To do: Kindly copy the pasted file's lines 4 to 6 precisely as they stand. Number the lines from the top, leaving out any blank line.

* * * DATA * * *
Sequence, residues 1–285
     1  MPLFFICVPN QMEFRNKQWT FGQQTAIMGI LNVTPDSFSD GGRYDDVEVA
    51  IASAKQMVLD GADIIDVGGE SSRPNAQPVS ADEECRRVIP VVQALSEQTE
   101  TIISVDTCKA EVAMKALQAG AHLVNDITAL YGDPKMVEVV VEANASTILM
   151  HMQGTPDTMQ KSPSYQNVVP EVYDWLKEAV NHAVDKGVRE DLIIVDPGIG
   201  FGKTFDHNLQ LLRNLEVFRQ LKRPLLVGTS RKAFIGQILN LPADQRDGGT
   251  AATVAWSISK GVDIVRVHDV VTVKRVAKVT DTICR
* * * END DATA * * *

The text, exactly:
   101  TIISVDTCKA EVAMKALQAG AHLVNDITAL YGDPKMVEVV VEANASTILM
   151  HMQGTPDTMQ KSPSYQNVVP EVYDWLKEAV NHAVDKGVRE DLIIVDPGIG
   201  FGKTFDHNLQ LLRNLEVFRQ LKRPLLVGTS RKAFIGQILN LPADQRDGGT